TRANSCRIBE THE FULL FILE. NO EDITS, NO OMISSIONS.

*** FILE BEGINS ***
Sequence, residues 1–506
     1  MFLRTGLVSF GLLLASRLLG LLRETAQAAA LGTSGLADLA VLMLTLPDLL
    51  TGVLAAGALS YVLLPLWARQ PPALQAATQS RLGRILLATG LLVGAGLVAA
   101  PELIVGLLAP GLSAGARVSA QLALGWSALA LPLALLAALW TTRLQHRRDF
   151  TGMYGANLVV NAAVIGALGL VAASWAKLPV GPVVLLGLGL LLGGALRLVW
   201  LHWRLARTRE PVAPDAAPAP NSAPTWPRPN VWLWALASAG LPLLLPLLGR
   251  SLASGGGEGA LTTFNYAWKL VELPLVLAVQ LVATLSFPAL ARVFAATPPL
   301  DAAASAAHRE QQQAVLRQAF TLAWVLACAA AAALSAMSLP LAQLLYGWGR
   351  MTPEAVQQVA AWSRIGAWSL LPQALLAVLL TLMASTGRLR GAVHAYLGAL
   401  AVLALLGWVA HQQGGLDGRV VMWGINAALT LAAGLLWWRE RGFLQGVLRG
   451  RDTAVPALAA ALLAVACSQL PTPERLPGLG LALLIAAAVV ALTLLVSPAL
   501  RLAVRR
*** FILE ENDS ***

Sequence, residues 1–506
     1  MFLRTGLVSF GLLLASRLLG LLRETAQAAA LGTSGLADLA VLMLTLPDLL
    51  TGVLAAGALS YVLLPLWARQ PPALQAATQS RLGRILLATG LLVGAGLVAA
   101  PELIVGLLAP GLSAGARVSA QLALGWSALA LPLALLAALW TTRLQHRRDF
   151  TGMYGANLVV NAAVIGALGL VAASWAKLPV GPVVLLGLGL LLGGALRLVW
   201  LHWRLARTRE PVAPDAAPAP NSAPTWPRPN VWLWALASAG LPLLLPLLGR
   251  SLASGGGEGA LTTFNYAWKL VELPLVLAVQ LVATLSFPAL ARVFAATPPL
   301  DAAASAAHRE QQQAVLRQAF TLAWVLACAA AAALSAMSLP LAQLLYGWGR
   351  MTPEAVQQVA AWSRIGAWSL LPQALLAVLL TLMASTGRLR GAVHAYLGAL
   401  AVLALLGWVA HQQGGLDGRV VMWGINAALT LAAGLLWWRE RGFLQGVLRG
   451  RDTAVPALAA ALLAVACSQL PTPERLPGLG LALLIAAAVV ALTLLVSPAL
   501  RLAVRR